KFA67 is a brand new, recently signed artist to KFA called Demise. Some proper solid hardcore that I cant wait to play for you all. I expect this will come out after KFA65.

KFA68 and KFA69 are likely to be Idealz and Doughboy. Both are working on new E.Ps for KFA. I have one of the Idealz tracks already, and its marvelous!

KFA70 is what I have been working on the last few weeks, making tracks betweeen the Supaset 16 tracks. I have 3 tracks completed, and am waiting for the forth to be finished. It is very different from the Risk E.P. If you were a raver and had no idea who Luna-C was as an artist, and I played you the 2 E.Ps, you probably would think they were different artists altogether. KFA70 largely came about because of inspiration from the creation of Supaset 16, although the actual tracks are more likely to appear in Supaset 15. This will make sense, I promise you, even if it sounds insane at the moment.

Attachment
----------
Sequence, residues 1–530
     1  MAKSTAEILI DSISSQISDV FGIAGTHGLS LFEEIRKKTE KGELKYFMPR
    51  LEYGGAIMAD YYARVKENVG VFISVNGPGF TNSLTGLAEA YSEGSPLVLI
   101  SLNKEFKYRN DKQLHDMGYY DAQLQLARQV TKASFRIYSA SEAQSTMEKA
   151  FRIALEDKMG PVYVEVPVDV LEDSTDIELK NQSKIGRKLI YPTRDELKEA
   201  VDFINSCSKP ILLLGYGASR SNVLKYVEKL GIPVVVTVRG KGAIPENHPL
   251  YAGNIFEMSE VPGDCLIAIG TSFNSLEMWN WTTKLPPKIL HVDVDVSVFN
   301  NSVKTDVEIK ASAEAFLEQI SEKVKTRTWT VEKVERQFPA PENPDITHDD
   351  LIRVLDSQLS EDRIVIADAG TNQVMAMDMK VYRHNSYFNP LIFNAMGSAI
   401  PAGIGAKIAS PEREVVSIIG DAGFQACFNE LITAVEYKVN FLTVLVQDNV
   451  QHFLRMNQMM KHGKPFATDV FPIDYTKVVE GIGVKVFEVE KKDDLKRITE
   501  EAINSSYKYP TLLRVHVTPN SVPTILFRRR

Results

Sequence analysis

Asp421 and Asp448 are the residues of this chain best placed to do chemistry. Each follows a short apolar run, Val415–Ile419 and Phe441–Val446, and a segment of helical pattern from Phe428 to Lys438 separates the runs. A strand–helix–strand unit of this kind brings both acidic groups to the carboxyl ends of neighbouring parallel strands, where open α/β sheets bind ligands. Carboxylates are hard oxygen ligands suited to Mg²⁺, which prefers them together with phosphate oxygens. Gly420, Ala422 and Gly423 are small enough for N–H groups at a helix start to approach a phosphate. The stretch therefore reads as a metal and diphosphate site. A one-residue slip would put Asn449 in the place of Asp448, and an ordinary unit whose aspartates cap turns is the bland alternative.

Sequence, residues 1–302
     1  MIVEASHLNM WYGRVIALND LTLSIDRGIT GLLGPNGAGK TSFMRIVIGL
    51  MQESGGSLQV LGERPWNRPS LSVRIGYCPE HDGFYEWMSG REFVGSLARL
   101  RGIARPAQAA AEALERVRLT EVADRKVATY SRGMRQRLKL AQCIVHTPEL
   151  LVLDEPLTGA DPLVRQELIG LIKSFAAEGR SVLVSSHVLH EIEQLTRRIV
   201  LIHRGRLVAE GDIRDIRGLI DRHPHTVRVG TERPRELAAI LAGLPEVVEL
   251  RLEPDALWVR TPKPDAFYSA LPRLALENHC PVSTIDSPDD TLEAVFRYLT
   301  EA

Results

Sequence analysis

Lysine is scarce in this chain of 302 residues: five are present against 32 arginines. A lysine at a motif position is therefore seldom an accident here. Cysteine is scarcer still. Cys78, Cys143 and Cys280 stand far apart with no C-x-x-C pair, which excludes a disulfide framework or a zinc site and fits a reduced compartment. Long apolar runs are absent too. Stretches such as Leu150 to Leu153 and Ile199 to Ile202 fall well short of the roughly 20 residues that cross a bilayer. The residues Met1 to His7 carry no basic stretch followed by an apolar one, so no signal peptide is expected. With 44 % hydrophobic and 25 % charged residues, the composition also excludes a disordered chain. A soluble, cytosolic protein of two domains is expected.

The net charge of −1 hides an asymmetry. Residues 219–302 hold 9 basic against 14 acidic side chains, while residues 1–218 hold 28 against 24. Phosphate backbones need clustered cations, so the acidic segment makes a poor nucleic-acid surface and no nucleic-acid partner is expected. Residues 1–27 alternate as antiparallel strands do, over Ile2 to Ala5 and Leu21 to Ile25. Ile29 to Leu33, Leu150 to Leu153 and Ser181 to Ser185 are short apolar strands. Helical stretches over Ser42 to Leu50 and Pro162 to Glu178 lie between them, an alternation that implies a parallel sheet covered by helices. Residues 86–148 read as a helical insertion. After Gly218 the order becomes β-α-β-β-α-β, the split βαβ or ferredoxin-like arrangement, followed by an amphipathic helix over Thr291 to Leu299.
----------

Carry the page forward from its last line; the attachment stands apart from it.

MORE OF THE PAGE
The concept and the first track for Supaset 15 arrived in one go, and I was ready to work on it immediately. But then I had another idea for a set, and it was so good I had to drop everything and work on it. So Supaset 15 has one or two tracks ready, and the concept in place, and I am gathering material for it while thinking about the execution of it. But I am furiously working on…